Trap’s Thomond thumping

A 30-YARD screamer right at the death ensured that Ireland versus Australia ended, appropriately enough, with a rugby scoreline but there was nothing grand about the slamming defeat which the Irish footballers endured on their first ever outing at Thomond Park.

Although David Carney’s spectacular injury time goal rubbed salt in Irish wounds, the real damage had been done in the first 45 minutes, a half which witnessed as lacklustre and disjointed a performance from the home side as we have seen under Giovanni Trapattoni. And a much brighter, slicker and well-drilled Australian side were well-poised to take advantage, ultimately inflicting only the second defeat of the Italian’s reign.

That both reversals have come in friendlies might be some source of consolation except that we had been led to believe that last night’s game was going to be something of a dress rehearsal for the resumption of serious World Cup business next month. But, after this walloping setback, the Irish will need to be altogether more battle-ready and tuned-in when they travel to Nicosia to take on a Cypriot side who themselves will be smarting after being thrashed 6-1 by Albania in a friendly in Tirana last night.

Darron Gibson, in at centre midfield instead of Keith Andrews, may be valued more for his artistry than his application but here he was conspicuous in doing the dirty work early on, tracking back to make interceptions and working hard to win the ball, as Ireland looked worryingly rusty and Australia dominated possession with some neat passing in the opening phase of the game. However, when he had a great chance on a surging break from midfield to put in either the well-placed Robbie Keane or Kevin Doyle, Gibson first made the wrong choice in opting for the latter – and then compounded the error by over-cooking the pass.

To judge by one great defensive tackle he put in on the edge of his own box, Aiden McGeady also knew that he needed to show his manager workrate as well as dazzling skill. Not that there was a whole lot of that on show. And alarmingly Doyle, who was clearly some way short of match sharpness, apparently suffered a reaction to his injury during the course of the game as Ireland generally struggled to shape a cutting edge.

It was the 12th minute before Ireland put a move of consequence together, McGeady and Kevin Kilbane – who otherwise had a poor evening – combining well on the left before the latter’s cross was headed over the top by Robbie Keane. Then, seven minutes later, McGeady cut inside and played a superb diagonal ball to Damien Duff in space on the opposite flank, but his tame shot on goal was deflected for a corner. And soon there was more magic from the Celtic man as another run and penetrating pass allowed Robbie Keane to weave a little space in the box before bringing the best out of Mark Schwarzer.

But, in truth such modest highlights were few and far between for Ireland, and Shay Given was the busier of the two ‘keepers, first getting down smartly to save a Harry Kewell free-kick and then doing even better to keep out a header by Patrick Kisnorbo.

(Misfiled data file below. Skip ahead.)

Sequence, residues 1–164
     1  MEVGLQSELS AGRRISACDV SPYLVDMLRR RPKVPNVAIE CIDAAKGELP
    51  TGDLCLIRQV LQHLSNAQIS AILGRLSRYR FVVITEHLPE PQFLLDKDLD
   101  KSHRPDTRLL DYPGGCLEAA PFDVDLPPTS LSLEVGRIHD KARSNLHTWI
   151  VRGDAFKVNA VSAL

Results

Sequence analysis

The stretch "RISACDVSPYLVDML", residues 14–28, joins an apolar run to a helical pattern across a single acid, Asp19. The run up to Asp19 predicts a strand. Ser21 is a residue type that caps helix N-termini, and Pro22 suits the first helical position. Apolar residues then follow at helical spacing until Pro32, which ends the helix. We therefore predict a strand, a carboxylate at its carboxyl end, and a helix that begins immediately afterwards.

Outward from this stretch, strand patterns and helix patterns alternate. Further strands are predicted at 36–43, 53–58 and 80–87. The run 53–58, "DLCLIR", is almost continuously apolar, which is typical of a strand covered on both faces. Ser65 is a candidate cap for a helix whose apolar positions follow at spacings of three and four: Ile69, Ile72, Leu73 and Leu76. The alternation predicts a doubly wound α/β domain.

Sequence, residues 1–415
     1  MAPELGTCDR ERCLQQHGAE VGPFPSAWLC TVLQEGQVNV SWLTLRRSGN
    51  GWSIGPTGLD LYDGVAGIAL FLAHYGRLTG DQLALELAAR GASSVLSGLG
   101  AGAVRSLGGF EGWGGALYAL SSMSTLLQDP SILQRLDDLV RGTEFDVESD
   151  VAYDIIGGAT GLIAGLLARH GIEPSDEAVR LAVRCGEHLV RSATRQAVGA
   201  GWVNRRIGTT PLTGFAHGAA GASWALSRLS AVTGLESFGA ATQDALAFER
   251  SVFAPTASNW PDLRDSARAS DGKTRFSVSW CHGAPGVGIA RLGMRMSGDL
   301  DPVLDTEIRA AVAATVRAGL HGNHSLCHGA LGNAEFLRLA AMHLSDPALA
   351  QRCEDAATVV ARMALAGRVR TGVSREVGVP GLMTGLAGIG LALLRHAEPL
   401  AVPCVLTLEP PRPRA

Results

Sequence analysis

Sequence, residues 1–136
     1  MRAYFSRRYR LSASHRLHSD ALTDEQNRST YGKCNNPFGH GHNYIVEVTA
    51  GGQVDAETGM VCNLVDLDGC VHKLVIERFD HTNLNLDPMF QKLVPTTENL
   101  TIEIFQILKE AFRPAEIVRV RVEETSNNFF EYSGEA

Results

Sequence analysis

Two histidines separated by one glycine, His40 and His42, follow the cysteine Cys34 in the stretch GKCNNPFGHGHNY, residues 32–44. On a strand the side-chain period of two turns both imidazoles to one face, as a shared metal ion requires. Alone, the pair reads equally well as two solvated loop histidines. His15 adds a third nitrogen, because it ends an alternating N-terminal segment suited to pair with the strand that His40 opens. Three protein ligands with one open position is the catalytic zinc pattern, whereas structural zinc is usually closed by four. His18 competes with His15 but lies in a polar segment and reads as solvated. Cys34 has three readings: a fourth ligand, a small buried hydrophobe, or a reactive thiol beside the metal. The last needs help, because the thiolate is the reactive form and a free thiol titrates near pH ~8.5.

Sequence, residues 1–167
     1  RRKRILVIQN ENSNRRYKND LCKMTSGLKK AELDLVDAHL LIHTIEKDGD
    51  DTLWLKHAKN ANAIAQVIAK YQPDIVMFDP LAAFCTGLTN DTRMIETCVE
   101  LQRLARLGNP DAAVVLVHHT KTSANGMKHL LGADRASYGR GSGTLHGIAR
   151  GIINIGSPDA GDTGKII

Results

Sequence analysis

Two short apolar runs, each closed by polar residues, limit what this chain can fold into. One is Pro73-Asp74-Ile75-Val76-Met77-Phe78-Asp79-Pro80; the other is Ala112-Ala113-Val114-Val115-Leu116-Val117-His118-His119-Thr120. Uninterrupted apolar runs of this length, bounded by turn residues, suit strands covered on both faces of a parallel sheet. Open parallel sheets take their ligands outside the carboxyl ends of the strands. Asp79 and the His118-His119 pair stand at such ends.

But Ireland’s number one was left entirely flat-footed in the 37th minute when, despite five green shirts being in close attention, Scott McDonald and Tim Cahill were allowed to conjure enough space for the Everton man to score with a low shot to the corner of the net. And the damage was doubled just before the break when, this time, Given couldn’t hold Rhys William’s stinging shot and Cahill was there again to lash home the rebound and send Australia in as deserved two-goal leaders at half-time.

At the resumption, Ireland were doubtless glad to see the back of the Everton man as the goalscorer was one of three Aussies to make way. But Trapattoni also rang the changes, Stephen Hunt coming on for a below par Duff and Caleb Folan replacing Doyle.

AND, as you might expect of a side forced to chase the game, there was now more urgency about the home side, with McGeady switching to the right and Hunt looking to stretch the opposition on the left. But, even without big name players like Cahill and Celtic’s Scott McDonald, Australia’s admirably slick passing was continuing to find players in threatening positions.

Preston’s Eddie Nolan, on as a substitute for Kilbane, did his prospects no harm, overlapping on the left, using the ball well and, in the 87th minute, setting up Keith Andrews for shot which came back off the foot of the post. Still, for all the Irish pressure, it wasn’t as if the home side was exactly peppering the Australian goal with shots, even though the arrival of Shane Long ten minutes from the end had added fresh zip to their efforts and Sean St Ledger might have done better with a close-range header after a flick-on from Caleb Folan.

With Given largely a spectator in the second half, Keiren Westwood had been called from the bench with just over 20 minutes to go. But the highly rated Coventry City man could hardly be blamed when, three minutes into time added-on, David Carney unleashed his corker from 30 yards out to crown Thomond’s debut as an international football stadium with a truly memorable goal.

It’s just that it was not the way that Irish football was hoping to remember this night. And any more of this sort of thing, and ‘Nicosia- The Sequel’ could be a real horror show.

Subs for Republic of Ireland: Hunt for Duff, 45; Folan for Doyle, 45; Andrews for Gibson, 61; Nolan for Kilbane, 61; Westwood for Given, 67; Long for McGeady, 80.

Subs for Australia: Holman for Cahill, 45; Madaschi for Kisnorbo, 45; Rukavytsya for McDonald, 45; Spiranovic for North, 70; Carle for Bresciano, 77; Holland for Jedinak, 88.

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